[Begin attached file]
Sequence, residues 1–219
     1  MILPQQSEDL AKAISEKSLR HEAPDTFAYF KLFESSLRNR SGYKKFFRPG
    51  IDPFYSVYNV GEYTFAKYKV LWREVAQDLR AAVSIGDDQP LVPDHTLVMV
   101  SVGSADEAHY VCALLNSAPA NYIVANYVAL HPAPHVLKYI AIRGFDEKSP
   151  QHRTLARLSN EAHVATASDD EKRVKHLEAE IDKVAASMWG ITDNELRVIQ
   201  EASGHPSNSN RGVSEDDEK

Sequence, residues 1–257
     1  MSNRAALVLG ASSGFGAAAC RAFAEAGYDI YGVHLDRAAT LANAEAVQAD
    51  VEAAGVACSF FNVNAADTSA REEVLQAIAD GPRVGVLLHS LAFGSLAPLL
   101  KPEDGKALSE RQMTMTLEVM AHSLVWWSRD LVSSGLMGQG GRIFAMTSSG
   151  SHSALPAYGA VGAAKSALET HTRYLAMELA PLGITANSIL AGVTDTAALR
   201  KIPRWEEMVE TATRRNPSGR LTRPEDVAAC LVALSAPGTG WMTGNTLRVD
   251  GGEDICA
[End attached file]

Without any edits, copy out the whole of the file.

Sequence, residues 1–219
     1  MILPQQSEDL AKAISEKSLR HEAPDTFAYF KLFESSLRNR SGYKKFFRPG
    51  IDPFYSVYNV GEYTFAKYKV LWREVAQDLR AAVSIGDDQP LVPDHTLVMV
   101  SVGSADEAHY VCALLNSAPA NYIVANYVAL HPAPHVLKYI AIRGFDEKSP
   151  QHRTLARLSN EAHVATASDD EKRVKHLEAE IDKVAASMWG ITDNELRVIQ
   201  EASGHPSNSN RGVSEDDEK

Sequence, residues 1–257
     1  MSNRAALVLG ASSGFGAAAC RAFAEAGYDI YGVHLDRAAT LANAEAVQAD
    51  VEAAGVACSF FNVNAADTSA REEVLQAIAD GPRVGVLLHS LAFGSLAPLL
   101  KPEDGKALSE RQMTMTLEVM AHSLVWWSRD LVSSGLMGQG GRIFAMTSSG
   151  SHSALPAYGA VGAAKSALET HTRYLAMELA PLGITANSIL AGVTDTAALR
   201  KIPRWEEMVE TATRRNPSGR LTRPEDVAAC LVALSAPGTG WMTGNTLRVD
   251  GGEDICA